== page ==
After graduating from the Juilliard School and Brooklyn Polytech Engineering School, he went on to perform with the National Symphony Orchestra, numerous big bands, and as a society musician. His career in instrument and bow making began while he was serving in the U.S. Army Special Services, during World War II. Soon after leaving the military, he opened two shops – one in Brooklyn and the other at 56th Street in midtown Manhattan. During his initial years in Manhattan he was an integral part of the Rembrandt Wurlitzer shop, focusing on restoration of their inventory of pedigree bows. Mr. Kolstein was kept busy with custom bow commissions and instrument restorations. He developed products relating to the string quartet – ranging from specialized rosins to air freight shipping trunks – and held several patents for these innovations. In 1958 he relocated to Long Island. The shop, now located in Baldwin, is run by his son Barrie Kolstein.

His instruments and bows are utilized by jazz artists, soloists and teachers, and by string players in almost every major orchestra. A highly regarded educator, he lectured regularly at universities and helped to organize international repair seminars

Mr. Kolstein is survived by daughters Linda Sturm and Andrea Kolstein, his son Barrie (a Local 802 member), his brother Harry (also an 802 member), his sister Frieda Potash (Vita Cole, a Local 802 member) and six grandchildren.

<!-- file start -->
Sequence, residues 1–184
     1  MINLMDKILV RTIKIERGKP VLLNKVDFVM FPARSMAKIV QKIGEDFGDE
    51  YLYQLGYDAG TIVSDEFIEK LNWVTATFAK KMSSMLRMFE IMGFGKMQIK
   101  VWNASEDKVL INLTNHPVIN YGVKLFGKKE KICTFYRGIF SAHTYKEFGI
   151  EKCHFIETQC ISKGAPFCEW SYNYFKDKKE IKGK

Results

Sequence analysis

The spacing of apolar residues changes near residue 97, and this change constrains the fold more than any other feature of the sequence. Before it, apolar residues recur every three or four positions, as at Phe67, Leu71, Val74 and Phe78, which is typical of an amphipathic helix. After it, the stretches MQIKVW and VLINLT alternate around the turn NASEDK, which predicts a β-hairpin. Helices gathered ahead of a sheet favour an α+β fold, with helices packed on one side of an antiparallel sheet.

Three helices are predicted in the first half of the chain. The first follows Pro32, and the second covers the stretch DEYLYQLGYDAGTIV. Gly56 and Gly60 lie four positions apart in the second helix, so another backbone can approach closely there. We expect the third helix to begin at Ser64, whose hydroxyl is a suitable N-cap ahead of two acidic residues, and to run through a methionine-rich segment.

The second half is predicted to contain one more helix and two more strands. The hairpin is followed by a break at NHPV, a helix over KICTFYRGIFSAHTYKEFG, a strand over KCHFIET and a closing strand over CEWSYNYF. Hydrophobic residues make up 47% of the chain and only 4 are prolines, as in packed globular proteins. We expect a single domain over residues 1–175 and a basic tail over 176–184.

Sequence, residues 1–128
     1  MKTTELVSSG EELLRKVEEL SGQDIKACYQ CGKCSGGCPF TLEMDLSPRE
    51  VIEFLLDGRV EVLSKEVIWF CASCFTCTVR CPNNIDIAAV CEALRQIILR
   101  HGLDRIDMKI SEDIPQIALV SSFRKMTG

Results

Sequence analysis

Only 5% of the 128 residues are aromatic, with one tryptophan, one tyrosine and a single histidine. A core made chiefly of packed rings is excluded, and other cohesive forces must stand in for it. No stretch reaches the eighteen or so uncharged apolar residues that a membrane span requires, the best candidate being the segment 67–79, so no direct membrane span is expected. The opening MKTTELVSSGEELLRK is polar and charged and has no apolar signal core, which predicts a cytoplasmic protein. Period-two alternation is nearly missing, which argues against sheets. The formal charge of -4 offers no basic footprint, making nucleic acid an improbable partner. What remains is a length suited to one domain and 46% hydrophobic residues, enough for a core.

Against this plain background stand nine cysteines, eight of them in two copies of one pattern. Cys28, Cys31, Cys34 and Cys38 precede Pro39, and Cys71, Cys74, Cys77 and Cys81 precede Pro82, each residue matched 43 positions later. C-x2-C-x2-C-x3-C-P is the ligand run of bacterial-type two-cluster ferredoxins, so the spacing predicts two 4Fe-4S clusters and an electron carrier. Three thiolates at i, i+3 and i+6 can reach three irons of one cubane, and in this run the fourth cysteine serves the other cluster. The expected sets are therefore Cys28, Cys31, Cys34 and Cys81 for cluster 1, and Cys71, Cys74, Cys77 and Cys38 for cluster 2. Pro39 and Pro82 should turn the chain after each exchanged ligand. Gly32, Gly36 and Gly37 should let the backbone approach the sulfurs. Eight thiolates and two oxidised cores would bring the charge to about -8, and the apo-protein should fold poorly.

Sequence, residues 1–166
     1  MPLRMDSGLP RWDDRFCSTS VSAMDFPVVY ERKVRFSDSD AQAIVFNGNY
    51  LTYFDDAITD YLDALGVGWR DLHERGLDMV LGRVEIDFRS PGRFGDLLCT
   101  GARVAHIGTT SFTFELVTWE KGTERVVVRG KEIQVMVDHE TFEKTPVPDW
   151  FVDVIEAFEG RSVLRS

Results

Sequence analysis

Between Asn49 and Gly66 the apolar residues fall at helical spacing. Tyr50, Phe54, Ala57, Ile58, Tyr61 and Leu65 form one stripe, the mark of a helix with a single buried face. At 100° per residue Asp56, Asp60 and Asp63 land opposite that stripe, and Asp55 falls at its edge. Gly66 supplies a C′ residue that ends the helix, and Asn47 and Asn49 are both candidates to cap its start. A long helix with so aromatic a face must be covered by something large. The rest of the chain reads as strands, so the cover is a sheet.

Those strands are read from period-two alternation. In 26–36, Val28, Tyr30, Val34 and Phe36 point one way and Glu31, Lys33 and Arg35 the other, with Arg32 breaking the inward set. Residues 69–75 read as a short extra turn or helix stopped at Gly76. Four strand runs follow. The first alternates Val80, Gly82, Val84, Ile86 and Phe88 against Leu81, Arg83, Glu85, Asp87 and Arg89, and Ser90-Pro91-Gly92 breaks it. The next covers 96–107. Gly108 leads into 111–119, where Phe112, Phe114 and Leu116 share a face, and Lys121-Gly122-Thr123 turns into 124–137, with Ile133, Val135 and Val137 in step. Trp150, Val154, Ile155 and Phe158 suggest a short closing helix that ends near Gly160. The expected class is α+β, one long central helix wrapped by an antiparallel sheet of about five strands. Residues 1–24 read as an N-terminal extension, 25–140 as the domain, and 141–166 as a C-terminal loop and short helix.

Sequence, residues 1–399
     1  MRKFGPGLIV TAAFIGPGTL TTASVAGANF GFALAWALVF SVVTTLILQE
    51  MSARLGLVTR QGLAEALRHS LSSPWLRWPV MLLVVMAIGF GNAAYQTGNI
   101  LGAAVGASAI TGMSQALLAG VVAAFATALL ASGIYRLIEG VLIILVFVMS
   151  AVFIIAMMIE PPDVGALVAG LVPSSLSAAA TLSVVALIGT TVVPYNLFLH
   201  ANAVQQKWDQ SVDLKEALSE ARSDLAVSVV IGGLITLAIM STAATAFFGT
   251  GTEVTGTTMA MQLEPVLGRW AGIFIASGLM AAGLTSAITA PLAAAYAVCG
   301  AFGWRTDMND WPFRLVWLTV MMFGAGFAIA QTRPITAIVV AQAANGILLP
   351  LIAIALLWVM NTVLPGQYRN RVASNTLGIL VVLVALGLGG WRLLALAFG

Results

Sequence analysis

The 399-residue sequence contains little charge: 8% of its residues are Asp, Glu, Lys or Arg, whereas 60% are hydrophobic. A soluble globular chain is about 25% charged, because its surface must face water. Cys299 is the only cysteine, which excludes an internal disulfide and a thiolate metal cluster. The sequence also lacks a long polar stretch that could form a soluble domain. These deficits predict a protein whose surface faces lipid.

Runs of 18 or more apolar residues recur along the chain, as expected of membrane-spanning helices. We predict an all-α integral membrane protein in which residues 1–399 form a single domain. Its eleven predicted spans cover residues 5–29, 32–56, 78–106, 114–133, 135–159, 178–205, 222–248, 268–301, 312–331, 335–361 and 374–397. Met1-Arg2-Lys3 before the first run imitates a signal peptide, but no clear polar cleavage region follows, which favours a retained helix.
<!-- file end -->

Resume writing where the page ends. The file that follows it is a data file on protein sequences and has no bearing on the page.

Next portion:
Back to top

Samuel Sanders

Samuel Sanders, 62, one of the foremost collaborative pianists of the past several decades, died on July 7. He had joined Local 802 in 1954.

Mr. Sanders made his New York recital debut at Town Hall when he was 13 and performed as a soloist with the New York Philharmonic at 16. While a student at Hunter College, he began accompanying friends – among them the tenor Robert White – in recitals, and found collaborative playing more satisfying than solo playing. He studied at the Juilliard School and, after completing his master’s degree, joined the faculty in 1963, persuading the school to establish a master’s degree program for accompanists.

He performed in concert and on numerous records with such artists as Yo-Yo Ma, Leonard Rose, Pinchas Zukerman, Carol Wincenc, Hermann Baumann, Kyung Wha Chung, Jessye Norman, Beverly Sills, Mstislav Rostropovich, Häken Hagegard, Joshua Bell, Jacqueline Dupré, Jaime Laredo and Lynn Harrell. He had partnered violinist Itzhak Perlman since 1966, and two of their 12 records and CDs won Grammy awards. Recordings with Mr. White have been named “Best Record of the Year” by Stereo Review and Newsweek magazine. Several years ago he and the cellist Andrés Diaz formed the Diaz-Sanders Duo.

Mr. Sanders was the founder and artist director of the Cape & Islands Chamber Music Festival in Cape Cod, Mass. He performed with numerous chamber ensembles and string quartets such as the Lark, Colorado, St Lawrence, Fine Arts, Borromeo and Julliard string quartets, and played at major festivals in this country and around the world.

He received an honorary award at the 1966 Tchaikovsky International Competition in Moscow, and performed on seven occasions at the White House under five presidents. Tributes include honorary doctorates from Lehman College and the Saint Louis Conservatory.

He is survived by his companion Susan Rothwell, daughter Sophie, sister Henriette Miller and brother Martin.

Back to top